How free is free jazz? Sometimes it seems that totally improvised music is as heavily weighed down by tradition as any banjo-toting trad band. Even the expressions on the musicians' faces are elaborately coded, ranging from the wan and spiritual to the seriously grim. Often, the music at free jazz gigs appears to follow a rigid set of conventions; first there's the slow, sensitive bit, then the all-out thrash, then the slow bit again, with long, meandering solos in between.

Putting these kind of thoughts to Barry Guy is like trying to tell Georges Seurat that painting with dots is a waste of time. A virtuoso bassist and composer as well as the director of the London Jazz Composers Orchestra - which begin a British tour this Thursday - Guy has been a veteran of the British and European improvised music scene since the Sixties.

'The music is not convention-bound in the sense that we have rigorous pieces of music on paper in front of us,' he says. 'But the same procedures go on in improvised music as in composed music. If we have a slow, sensitive section and then a loud section, it's just like Beethoven's 6th where there's a quiet movement and a loud and boisterous movement. Life is like that and if we didn't vary the musical material in this way then critics would ask where's the quiet bit, or where's the loud bit. You can't win]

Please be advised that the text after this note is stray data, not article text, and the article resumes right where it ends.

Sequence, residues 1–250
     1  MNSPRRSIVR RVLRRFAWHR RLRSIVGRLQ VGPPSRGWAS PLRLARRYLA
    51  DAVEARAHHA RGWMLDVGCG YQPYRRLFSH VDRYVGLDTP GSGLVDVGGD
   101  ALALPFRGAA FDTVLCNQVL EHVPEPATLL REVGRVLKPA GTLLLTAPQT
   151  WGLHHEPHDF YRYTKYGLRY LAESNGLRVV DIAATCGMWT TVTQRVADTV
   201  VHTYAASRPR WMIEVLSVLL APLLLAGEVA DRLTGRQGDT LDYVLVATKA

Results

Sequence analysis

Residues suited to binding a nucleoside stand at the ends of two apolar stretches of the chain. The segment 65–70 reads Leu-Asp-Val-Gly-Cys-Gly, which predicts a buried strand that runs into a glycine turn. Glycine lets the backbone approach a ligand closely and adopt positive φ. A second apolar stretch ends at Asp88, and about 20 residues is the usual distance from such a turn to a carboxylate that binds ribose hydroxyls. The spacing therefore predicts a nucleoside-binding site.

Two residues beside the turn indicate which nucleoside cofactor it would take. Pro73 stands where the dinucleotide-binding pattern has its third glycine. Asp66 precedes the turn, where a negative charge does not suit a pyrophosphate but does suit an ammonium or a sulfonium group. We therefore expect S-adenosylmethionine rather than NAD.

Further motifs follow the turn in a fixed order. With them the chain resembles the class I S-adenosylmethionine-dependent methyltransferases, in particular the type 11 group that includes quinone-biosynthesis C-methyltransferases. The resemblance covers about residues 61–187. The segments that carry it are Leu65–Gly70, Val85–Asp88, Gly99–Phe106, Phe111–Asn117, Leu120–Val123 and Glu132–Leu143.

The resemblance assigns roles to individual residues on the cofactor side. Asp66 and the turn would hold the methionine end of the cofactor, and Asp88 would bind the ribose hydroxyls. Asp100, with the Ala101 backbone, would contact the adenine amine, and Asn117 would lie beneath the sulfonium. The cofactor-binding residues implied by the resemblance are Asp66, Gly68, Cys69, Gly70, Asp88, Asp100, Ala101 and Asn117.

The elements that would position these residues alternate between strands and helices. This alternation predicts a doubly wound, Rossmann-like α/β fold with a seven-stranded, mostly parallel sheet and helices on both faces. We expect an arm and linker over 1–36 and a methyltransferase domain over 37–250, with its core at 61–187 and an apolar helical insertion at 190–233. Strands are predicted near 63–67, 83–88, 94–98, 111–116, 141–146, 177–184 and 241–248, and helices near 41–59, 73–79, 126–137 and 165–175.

'At the end of the day the main thing is that the musicians present a type of music that is memorable, that is honest and trustworthy and that makes people happy. If it doesn't fulfil all of the expectations of the listeners, I can think of many, many musics in the world that don't fulfil my expectations.'

Guy, who began his musical career playing in a trad band, is an accomplished classical musician as well as an improviser, and therefore proof against that old bebop slur that free musicians can't play properly. Until recently he performed with the Academy of Ancient Music and the London Classical Players. 'But I decided to knock it on the head,' he says, 'because I wasn't giving enough time to the LCIO and to improvised music. I had this feeling that I was going to get to the age of 60 still sitting in a recording studio, still playing baroque music and regretting every moment of it. It was very interesting to be involved with the early baroque, early instruments avant-garde - or should that be pre-garde? - as we were researching as much as we research with improvised music but it kind of got hijacked by the record companies.'